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200 days before 200th birthday, the National Gallery shares details of National Treasures exhibitions across the UK

With 200 days until the start of the National Gallery’s Bicentenary year, the Gallery and its twelve partners have today announced details on the exhibitions which will form National Treasures.

12 museums and galleries, in each nation of the UK and each region of England, will receive a treasured painting from the National Gallery’s collection, and will be programming exhibitions, events, and working with their local communities to celebrate and learn about their painting. The programme is supported by Garfield Weston Foundation and other donors, and there will be digital content available on Bloomberg Connects. 

The Laing Art Gallery in Newcastle will be mounting a major exhibition with Turner’s The Fighting Temeraire (1839) as the centrepiece, exploring themes of industry and nostalgia, with education and outreach workshops contributing to an intergenerational project thinking about memory and heritage.

Monet’s The Water Lily Pond (1899) has inspired an exhibition at York Art Gallery, which will bring together key loans alongside collection works, and a large-scale commission by contemporary artist Michaela Yearwood-Dan. The radical nature and development of Monet’s work will be explored within the context of his beloved gardens at Giverny, and the rich tradition of 19th-century French open-air painting.

Renoir’s Umbrellas (about 1881-6) at Leicester Museum and Gallery will be the centrepiece of an in-focus gallery alongside a digital installation using sound and animation to bring the artwork to life, taking the viewer on a visual journey through the bustling streets of 1880s Paris, exploring sound and movement.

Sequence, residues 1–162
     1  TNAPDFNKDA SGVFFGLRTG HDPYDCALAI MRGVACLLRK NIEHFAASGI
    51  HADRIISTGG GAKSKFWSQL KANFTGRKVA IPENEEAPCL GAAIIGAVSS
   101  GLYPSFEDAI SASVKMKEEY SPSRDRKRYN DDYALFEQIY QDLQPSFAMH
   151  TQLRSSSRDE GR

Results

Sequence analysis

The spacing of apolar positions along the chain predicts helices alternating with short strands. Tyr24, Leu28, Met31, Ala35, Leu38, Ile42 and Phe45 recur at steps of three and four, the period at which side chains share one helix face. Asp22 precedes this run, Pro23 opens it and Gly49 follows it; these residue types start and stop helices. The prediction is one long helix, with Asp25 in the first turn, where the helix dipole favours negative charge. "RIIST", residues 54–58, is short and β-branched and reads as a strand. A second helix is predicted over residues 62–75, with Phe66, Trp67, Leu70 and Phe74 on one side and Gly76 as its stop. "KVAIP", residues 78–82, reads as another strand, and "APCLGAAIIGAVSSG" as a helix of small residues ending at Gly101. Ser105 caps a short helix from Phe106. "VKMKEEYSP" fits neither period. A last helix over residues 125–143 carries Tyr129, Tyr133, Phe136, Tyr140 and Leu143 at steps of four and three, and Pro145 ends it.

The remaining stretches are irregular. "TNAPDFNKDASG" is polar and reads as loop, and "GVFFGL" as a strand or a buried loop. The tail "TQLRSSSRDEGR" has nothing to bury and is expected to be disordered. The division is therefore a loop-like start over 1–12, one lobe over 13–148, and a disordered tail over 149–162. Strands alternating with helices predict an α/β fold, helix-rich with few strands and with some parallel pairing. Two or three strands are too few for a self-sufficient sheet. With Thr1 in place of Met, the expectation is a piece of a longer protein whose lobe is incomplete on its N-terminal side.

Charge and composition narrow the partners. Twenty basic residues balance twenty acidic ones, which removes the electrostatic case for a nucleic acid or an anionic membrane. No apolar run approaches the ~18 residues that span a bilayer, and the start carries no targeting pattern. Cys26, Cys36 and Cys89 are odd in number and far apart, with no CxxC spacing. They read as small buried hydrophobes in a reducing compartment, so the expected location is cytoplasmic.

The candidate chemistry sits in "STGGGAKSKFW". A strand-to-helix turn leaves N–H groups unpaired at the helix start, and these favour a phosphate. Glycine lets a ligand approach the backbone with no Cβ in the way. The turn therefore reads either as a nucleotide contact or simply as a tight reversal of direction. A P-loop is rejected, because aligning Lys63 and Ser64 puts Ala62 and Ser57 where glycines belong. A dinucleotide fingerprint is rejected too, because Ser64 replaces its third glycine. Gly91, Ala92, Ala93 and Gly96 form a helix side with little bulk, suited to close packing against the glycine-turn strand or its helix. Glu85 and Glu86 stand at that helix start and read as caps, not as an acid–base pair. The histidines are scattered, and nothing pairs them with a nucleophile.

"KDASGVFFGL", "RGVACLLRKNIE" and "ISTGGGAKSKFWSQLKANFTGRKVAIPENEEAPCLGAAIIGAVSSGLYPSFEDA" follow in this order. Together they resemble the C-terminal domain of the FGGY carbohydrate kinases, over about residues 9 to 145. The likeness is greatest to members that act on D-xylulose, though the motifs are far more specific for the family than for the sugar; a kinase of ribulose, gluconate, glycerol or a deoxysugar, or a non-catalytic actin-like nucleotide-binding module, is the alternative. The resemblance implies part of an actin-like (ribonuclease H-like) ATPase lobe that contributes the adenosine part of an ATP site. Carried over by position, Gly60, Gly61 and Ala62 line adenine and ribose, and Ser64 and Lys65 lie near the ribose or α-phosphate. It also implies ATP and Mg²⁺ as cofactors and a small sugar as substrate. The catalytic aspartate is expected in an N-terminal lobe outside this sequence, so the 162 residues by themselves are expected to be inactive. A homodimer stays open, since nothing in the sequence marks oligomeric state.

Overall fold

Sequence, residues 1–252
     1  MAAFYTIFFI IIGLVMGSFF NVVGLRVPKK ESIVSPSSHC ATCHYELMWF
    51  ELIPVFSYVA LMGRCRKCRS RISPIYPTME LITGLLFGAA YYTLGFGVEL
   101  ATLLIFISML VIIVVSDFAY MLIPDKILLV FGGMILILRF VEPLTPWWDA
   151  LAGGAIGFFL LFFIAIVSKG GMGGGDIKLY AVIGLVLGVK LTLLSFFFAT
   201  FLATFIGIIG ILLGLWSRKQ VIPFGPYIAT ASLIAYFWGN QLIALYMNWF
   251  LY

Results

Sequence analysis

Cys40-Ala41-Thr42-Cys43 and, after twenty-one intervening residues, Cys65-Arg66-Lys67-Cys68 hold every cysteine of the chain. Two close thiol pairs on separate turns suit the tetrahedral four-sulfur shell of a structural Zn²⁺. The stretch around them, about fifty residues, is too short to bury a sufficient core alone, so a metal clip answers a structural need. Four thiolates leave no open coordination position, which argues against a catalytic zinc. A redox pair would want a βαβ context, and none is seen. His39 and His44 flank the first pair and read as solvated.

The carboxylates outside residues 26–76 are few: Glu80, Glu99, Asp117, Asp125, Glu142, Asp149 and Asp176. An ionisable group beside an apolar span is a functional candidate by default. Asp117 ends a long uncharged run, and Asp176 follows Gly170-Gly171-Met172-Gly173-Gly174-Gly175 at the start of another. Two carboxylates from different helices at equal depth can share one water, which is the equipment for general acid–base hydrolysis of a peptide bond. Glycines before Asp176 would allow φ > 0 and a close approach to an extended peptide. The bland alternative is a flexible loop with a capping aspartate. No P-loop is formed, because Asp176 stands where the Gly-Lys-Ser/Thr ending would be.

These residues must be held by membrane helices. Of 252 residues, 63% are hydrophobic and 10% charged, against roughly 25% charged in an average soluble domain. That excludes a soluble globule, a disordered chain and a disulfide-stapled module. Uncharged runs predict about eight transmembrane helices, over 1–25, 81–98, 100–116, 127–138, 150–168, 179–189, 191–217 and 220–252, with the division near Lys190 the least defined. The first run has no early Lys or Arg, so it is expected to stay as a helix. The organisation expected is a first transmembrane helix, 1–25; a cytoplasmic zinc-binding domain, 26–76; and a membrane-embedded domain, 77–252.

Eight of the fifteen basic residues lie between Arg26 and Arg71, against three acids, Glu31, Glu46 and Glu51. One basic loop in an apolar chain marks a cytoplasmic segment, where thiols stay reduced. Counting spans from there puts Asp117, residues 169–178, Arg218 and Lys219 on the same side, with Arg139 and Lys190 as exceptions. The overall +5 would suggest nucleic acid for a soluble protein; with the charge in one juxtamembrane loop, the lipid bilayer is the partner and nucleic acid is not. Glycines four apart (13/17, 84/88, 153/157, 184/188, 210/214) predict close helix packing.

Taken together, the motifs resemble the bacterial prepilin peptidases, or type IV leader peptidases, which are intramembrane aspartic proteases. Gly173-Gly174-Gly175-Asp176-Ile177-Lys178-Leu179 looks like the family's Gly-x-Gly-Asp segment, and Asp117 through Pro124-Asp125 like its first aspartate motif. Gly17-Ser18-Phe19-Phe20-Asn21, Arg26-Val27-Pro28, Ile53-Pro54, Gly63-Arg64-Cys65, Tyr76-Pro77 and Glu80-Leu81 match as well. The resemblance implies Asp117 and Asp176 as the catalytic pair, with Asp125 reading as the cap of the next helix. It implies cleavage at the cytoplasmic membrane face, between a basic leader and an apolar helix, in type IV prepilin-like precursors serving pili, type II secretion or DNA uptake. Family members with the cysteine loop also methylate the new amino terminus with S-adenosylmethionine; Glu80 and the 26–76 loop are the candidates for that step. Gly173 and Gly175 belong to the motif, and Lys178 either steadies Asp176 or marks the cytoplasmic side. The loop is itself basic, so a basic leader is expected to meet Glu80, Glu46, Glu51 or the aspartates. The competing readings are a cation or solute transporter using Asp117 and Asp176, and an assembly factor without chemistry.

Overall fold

The Fitzwilliam Museum in Cambridge will display Botticelli’s Venus and Mars (about 1485) in their Octagon Gallery, alongside three major Italian Renaissance works in different media, asking questions about nudity and clothing, setting and viewership, sex and gender.

What will you be like when you’re 34? Brighton Museum and Art Gallery uses Rembrandt’s Self Portrait (1640) from that age to spark a Photography Club project and eventual display, asking that question of 13–16-year-olds in the local area.

The Wilton Diptych (about 1395-9)’s temporary home in the Ashmolean Museum, Oxford, will be in the England gallery, alongside the museum’s Cloth of Gold, the funeral pall of Henry VII. A short film will introduce the diptych, and a specially produced audio guide will explore its iconography in more depth and how the diptych relates to the artefacts around it. The diptych will also feature in the Family Festival of Art with activities planned in the England Gallery.

Ikon Gallery in Birmingham have commissioned Dublin-based contemporary artist Jesse Jones to make new work in response to Artemisia Gentileschi’s Self Portrait as Saint Catherine of Alexandria (about 1615-17). Jones’ exhibition includes sound elements and moving images to create a cinematic space, while she also collaborates with Dublin-based dance company Junk Ensemble on performance tableaux that mirror Gentileschi’s compositions.

Constable’s The Hay Wain (1821) will be the focus of an exhibition of landscapes from 17th-century Dutch to abstraction and conceptual art at Bristol Museum and Art Gallery. The show aims to show how art is responding to the climate crisis, as well as class, LGBTQIA identity, colonialism and migration.

Some of the National Gallery’s collection has travelled to Aberystwyth before, and the National Library of Wales will foreground this connection. Canaletto & Cymru, featuring The Stonemason’s Yard (about 1725), embodies two themes: Wales as a safe haven during the Second World War (using archive footage of the slate mines of Manod, where National Gallery paintings were housed during the war); and the artistic and thematic links between the painting and the topography of Wales, industry and Welsh life.

The Walker Art Gallery in Liverpool will be displaying The Rokeby Venus (1647-51) and challenging traditional readings of the painting by setting it alongside unexpected artworks by women and nonbinary artists from the Walker’s collection. These include Ethel Walker’s 'The Spanish Gesture', photographs by René Matic and Zanele Muholi, and Harriet Hosmer’s 'Puck'.